Stalham windfarm decision today
A windfarm on the outskirts of Stalham looks set to be turned down after more than 300 people objected to it.
But the developer has hit out at the 'nimbyism' of the opponents – saying local green power generation is a must for the future.
Plans for two 130m-tall turbines have drawn opposition from neighbouring householders, parish councils and conservation experts.
Councillors are due to decide the fate of the project today and are being recommended to refuse the scheme because its eco-benefits are outweighed by the potential damage to the sensitive and historic landscape around it.
Andy Hilton, managing director of Windpower Renewables said the two turbines produced four times the power of the larger windfarm at nearby West Somerton and could power all the homes in and around Stalham.
While big offshore farms were being developed there was still a need for onshore wind turbines but it 'would never take off if people say not in my back yard'. He added: 'We are running out of gas and oil, cannot use coal and it will take another 10-15 years to build nuclear power stations. How do we turn the lights on?'
Mr Hilton, who managed the Scroby Sands windfarm and has more than 25 years experience in the power industry, said his company was exploring four onshore projects, and felt the Stalham scheme would overcome any planning rejection on appeal. The turbines at Grove Farm, Ingham are 800m north of the edge of Stalham's built-up area and would generate enough power for 3,600 homes.
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A report to North Norfolk District Council's development committee says the plans have also generated 311 letters of objection, as well as others from parish councils at Brumstead, Ingham, Lessingham, East Ruston and Stalham, which includes another petition from 130 people who attended a public meeting.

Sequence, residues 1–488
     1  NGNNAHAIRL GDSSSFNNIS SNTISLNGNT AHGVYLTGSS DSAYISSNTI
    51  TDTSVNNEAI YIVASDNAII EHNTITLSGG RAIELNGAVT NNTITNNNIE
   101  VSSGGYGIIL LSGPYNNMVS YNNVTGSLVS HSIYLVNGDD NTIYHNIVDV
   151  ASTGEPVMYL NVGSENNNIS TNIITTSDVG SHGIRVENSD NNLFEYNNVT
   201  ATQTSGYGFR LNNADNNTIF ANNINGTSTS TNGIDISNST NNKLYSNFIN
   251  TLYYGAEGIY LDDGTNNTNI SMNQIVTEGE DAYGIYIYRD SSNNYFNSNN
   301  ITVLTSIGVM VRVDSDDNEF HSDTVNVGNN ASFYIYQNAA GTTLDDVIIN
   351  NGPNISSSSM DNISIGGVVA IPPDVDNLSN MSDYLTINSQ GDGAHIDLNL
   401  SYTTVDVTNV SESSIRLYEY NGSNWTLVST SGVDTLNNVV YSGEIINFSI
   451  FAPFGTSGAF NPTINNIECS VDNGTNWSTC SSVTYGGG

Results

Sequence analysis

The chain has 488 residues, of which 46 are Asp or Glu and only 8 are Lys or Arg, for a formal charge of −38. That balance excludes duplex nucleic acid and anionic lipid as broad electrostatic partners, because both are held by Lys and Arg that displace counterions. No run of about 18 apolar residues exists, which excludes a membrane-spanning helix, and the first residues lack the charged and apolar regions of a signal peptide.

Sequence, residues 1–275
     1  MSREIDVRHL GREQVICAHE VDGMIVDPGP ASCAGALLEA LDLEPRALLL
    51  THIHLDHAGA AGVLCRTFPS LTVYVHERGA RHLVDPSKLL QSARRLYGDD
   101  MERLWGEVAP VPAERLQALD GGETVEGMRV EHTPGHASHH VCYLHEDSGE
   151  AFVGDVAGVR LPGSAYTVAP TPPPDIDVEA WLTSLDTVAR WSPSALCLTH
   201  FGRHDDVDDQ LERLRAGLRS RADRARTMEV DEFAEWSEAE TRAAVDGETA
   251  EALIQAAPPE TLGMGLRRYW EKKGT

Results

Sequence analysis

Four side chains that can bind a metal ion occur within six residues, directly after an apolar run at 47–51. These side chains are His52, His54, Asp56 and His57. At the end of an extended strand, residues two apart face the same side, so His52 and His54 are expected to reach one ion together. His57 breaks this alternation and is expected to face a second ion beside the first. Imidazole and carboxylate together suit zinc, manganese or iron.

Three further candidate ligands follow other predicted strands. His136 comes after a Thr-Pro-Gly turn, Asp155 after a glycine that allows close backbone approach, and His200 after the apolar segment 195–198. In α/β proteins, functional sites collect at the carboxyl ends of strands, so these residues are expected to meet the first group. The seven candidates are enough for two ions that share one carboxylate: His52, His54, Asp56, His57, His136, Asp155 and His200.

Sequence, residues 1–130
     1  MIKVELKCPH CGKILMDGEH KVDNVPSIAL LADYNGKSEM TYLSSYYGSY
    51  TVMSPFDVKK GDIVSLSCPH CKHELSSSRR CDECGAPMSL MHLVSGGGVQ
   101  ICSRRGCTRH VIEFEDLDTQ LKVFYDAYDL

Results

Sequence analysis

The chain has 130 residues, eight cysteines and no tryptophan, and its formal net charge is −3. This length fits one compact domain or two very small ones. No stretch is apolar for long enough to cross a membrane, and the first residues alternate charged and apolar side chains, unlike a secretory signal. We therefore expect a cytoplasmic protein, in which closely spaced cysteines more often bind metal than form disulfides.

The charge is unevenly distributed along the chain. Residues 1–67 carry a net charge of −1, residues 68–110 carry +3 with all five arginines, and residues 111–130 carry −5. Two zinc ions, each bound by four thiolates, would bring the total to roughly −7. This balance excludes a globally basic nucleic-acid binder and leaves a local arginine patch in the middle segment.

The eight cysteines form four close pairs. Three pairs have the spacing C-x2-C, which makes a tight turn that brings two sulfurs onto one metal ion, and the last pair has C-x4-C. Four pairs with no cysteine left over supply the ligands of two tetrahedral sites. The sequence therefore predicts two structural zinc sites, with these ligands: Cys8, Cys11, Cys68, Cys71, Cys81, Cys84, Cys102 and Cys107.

Stalham Town Council chairman Tony Ross-Benham denied the opposition was based on 'nimbyism' adding: 'We are not against green energy but we are concerned about the sheer size of these turbines which will dominate the skyline and ruin the landscape of a tourist town if people see these monstrosities.
'If they were smaller and further away from housing, they would not be a problem.'
Reasons cited by opponents include spoiling the countryside, noise, danger to wildlife, inefficiency of turbines as an energy source, light 'flicker' from the blades and television interference concerns.
The Broads Authority also says it is 'strongly and implacably opposed' to the impact on the wide skies and landscape.
North Norfolk's own conservation and landscape manager also says the turbines would harm the local listed buildings and countryside
English Heritage is concerned about the impact on the views of two medieval churches at Brumstead and Ingham. And county council highways officials are recommending refusal because construction traffic would 'endanger the satisfactory functioning' of the local road network.
More than 50 responses have supported the turbines citing: the need to tackle climate change; they use renewable energy and they are a preferable option to fossil fuel energy.The turbines would be 2km from the Broads and officers did not think they would make a significant impact on the landscape.
Only four properties would be vulnerable to 'shadow flicker', and sensors could be added to prevent it.
But the appraisal to councillors concludes that while government guidance is to encourage renewable energy, it had to balance the benefits with the impact on the landscape.
Despite a �10,000 'mitigation fund' to help conservation, including a hedge restoration fund, wind turbines are 'an alien feature' within the North Norfolk landscape and could damage the 'sensitive and historic area'.